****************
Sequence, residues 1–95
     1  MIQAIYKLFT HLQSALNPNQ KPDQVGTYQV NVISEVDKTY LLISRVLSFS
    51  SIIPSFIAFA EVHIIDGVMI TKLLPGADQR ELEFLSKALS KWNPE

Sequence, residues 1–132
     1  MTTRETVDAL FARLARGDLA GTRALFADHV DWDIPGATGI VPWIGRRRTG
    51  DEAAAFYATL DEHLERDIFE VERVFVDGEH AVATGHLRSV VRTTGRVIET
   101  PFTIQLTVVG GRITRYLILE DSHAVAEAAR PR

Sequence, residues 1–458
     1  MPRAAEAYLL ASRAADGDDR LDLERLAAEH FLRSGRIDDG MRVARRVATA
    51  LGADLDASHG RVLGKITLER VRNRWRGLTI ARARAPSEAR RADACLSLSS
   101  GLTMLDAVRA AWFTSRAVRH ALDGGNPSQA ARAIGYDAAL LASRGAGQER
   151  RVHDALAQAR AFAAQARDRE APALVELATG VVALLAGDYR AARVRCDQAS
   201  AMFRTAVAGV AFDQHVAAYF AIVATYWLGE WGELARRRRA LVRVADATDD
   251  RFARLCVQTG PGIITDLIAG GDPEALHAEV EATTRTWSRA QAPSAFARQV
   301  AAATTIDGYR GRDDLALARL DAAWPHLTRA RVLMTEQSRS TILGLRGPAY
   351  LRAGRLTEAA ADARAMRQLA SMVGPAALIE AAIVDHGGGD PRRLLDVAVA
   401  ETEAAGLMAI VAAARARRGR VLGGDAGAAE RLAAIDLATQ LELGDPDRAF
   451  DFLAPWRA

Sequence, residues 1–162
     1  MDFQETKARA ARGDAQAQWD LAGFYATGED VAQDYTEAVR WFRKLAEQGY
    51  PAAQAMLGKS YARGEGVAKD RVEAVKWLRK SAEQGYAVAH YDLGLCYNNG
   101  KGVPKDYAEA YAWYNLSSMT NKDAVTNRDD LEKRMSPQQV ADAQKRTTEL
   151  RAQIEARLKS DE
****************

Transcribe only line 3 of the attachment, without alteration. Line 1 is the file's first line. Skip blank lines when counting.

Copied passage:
    51  SIIPSFIAFA EVHIIDGVMI TKLLPGADQR ELEFLSKALS KWNPE